Freshly prepared silver-coated slides (chemically deposited) were incubated in buffer (pH 8.6) containing free DNB (FIG. 2A) or DNP-BSA conjugate (FIG. 2B), and SERS spectra obtained in both cases. Similar peak intensities were observed with free DNB at 10-3 M and DNP-BSA at 10-7 M with respect to DNP moieties (2×10-9 BSA), respectively. The four orders of magnitude difference in the specific intensity of surface-enhanced Raman light scatter observed between the free DNB and the DNP moieties of the DNP-BSA conjugate represents the greater ability of the latter to adsorb to the island film surface, thereby enabling its DNP moieties to display the SERS enhancement. A 10-3 M solution of DNB in the absence of an island film gave a very weak Raman spectrum (FIG. 2C).
An avidin molecule will also bind four molecules of the dye HABA, with an affinity constant of Ka =5.8×106 liter/mol at pH 7.0. Because this dye has a major spectral absorption at a wavelength which can be used to excite Raman light scattering (absorption maximum=495 nm when bound to avidin at pH 7) it is capable of SERRS.
Chemically deposited silver films, with and without prior coating with avidin, were incubated in a 3 mM solution of HABA. The films were then removed from the HABA solution and washed with PBS, and their Raman spectra taken. FIG. 3A is the spectrum obtained when HABA is adsorbed directly onto the surface of a silver film. A single major peak of light scattering intensity is observed at 1406 wavenumbers, with a shoulder at 1459 and minor peaks at 1188 and 1139 cm-1. The spectrum shown in FIG. 3B was obtained when a silver film was first incubated for 20 min at room temperature in a 2.5×10-5 M solution of avidin, then HABA added to a final concentration of approximately 0.3 mM, and incubation continued for an additional 20 min. Under these conditions, the major peak of Raman scattering intensity is observed at 1610 cm-1, with several smaller peaks appearing between 1160 and 1491 cm-1. The large peak at 1406 cm-1, seen in the absence of avidin, is no longer observed. In the absence of HABA, an avidin-coated silver film gave no discernible spectrum in this region (FIG. 3C).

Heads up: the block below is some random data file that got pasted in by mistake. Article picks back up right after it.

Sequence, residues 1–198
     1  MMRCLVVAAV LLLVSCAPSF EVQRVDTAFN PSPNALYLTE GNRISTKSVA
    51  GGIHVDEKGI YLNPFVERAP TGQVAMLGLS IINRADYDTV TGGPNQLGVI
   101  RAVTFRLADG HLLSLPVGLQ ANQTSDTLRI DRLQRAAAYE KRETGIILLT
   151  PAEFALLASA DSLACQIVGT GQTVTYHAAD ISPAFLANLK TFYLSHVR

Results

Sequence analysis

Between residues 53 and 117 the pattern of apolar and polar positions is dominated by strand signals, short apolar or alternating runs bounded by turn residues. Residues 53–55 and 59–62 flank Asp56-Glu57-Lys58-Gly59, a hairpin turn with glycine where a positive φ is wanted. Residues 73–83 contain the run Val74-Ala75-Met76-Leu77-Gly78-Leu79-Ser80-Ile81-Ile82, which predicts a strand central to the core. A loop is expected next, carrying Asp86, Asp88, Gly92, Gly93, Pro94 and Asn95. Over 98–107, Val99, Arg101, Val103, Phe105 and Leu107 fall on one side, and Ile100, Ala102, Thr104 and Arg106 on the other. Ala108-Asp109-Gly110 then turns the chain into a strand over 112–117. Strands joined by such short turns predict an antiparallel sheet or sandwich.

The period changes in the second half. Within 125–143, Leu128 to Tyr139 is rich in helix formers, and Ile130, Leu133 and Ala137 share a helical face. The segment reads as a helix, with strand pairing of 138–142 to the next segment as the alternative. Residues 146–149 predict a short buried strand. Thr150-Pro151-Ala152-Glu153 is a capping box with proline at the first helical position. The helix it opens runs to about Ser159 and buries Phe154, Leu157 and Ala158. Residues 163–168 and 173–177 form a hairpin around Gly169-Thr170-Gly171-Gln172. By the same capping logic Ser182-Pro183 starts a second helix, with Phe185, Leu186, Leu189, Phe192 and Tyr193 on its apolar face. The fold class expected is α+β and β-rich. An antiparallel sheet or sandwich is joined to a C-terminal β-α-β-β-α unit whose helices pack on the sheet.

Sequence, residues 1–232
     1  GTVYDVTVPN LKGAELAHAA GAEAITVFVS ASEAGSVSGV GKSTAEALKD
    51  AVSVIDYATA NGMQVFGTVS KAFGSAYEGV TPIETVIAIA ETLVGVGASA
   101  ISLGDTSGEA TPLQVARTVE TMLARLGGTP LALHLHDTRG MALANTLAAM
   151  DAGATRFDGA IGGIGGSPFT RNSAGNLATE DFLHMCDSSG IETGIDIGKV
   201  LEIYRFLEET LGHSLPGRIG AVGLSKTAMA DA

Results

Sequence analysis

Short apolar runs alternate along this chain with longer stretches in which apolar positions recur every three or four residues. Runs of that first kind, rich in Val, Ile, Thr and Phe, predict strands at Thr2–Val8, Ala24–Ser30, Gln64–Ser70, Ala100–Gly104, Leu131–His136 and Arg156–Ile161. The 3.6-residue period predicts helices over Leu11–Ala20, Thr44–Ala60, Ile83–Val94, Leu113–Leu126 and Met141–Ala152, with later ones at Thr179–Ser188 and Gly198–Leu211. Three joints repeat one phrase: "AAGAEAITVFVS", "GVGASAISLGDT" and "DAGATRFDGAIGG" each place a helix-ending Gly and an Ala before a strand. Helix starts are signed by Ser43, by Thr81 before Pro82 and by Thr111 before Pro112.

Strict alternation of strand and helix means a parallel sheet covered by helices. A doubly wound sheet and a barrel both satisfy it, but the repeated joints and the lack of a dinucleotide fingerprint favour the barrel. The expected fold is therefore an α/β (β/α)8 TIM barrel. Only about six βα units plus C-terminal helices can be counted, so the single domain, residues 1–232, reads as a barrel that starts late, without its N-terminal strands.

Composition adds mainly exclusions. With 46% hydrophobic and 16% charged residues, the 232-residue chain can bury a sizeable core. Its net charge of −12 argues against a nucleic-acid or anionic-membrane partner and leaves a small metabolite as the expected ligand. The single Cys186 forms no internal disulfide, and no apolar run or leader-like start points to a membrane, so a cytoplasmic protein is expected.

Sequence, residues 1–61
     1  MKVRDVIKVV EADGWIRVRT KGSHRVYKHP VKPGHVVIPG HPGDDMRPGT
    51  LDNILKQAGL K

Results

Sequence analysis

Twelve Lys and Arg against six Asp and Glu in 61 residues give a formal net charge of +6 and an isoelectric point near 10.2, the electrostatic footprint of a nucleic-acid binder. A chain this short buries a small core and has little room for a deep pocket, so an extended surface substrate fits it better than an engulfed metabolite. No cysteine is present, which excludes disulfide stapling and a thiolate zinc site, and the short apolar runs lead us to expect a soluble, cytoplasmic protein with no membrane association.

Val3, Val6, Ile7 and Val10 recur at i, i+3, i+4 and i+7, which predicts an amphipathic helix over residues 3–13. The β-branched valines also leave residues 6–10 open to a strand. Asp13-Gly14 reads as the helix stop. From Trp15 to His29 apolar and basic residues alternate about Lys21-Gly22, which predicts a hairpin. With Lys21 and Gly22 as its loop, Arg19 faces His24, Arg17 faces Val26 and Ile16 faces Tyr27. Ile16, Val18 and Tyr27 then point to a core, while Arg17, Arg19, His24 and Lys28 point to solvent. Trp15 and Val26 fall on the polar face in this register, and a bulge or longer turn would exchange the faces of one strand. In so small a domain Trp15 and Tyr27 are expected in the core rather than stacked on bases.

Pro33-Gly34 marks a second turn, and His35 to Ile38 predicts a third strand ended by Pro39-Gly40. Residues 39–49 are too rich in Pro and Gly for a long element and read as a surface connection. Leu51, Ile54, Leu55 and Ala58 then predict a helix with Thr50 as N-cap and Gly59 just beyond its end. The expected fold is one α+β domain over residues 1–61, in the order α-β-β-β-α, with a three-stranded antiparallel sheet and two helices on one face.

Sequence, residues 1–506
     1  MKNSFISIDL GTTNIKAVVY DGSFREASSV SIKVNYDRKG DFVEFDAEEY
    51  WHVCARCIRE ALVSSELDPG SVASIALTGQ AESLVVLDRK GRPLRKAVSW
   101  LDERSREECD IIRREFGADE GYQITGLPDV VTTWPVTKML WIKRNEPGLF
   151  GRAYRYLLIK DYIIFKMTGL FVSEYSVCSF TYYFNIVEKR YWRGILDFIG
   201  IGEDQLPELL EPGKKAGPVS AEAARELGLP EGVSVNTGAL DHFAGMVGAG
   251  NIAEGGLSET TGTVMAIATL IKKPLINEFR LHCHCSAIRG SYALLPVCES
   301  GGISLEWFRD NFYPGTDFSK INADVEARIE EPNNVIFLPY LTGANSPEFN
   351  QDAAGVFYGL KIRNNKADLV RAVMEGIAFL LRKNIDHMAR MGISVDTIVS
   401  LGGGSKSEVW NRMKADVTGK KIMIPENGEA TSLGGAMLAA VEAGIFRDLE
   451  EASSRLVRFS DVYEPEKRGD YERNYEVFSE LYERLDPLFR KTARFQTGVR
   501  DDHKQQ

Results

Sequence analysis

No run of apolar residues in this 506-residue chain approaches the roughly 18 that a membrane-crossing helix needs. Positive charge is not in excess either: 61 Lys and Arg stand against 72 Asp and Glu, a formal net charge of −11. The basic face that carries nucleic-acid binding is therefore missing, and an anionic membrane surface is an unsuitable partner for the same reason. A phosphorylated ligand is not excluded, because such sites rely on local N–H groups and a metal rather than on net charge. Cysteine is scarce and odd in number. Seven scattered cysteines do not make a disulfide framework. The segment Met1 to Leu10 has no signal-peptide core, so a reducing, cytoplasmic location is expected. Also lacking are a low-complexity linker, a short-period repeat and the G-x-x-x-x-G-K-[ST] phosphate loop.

Silver electrodes were incubated at 37° C. for 1 h in a 1 ml aliquots of a solution of 20 μg/ml anti-TSH antibody in 1% NaHCO3, 8.6, and then overcoated for an additional hour in 1% BSA in PBS at 37° C. The films were then incubated for 1 h at 37° C. in the 0, 4, 10, 25 or 60 μIU/ml TSH antigen standards from the Abbott TSH EIA kit, Abbott No. 6207. After being washed three times with PBS, the films were transferred to test tubes containing 1 ml of the DAB-anti-TSH antibody conjugate at a concentration of 40 μg/ml, incubated for an additional hour at 37° C., washed again, and the SERRS spectra obtained.
SERRS spectra were obtained at five different places along each electrode and the results recorded. A combined plot of typical spectra obtained is shown in FIG. 4 for the five concentrations of TSH antigen studies. The averaged peak intensities at 1151 cm-1 were used to generate a signal vs. concentration curve (FIG. 5). The same standards were also assayed using a modified commercial enzyme immunoassay (Abbott No. 6207, FIG. 6). Comparison of the two plots shows that the response obtained using the SERRS readout is similar to that given by the enzyme immunoassay, except for an anomalously high value for the zero antigen standard. This high zero reading was consistent upon reassay and must reflect a difference in composition between the zero standard and the other standards which does not effect results obtained by enzyme immunoassay.
A solution of 1% ascorbic acid was added to a silver sol (approximately 0.02% solids, 30 +/-5 nm particle diameter) to a final concentration of 1 mM. To individual 3.0 ml aliquots of sol were added 0.015 ml each of anti-human thyroid stimulating hormone antibody (1 mg/ml in phosphate buffered saline). The pH of the sol was then adjusted to 7.4 with phosphate buffer.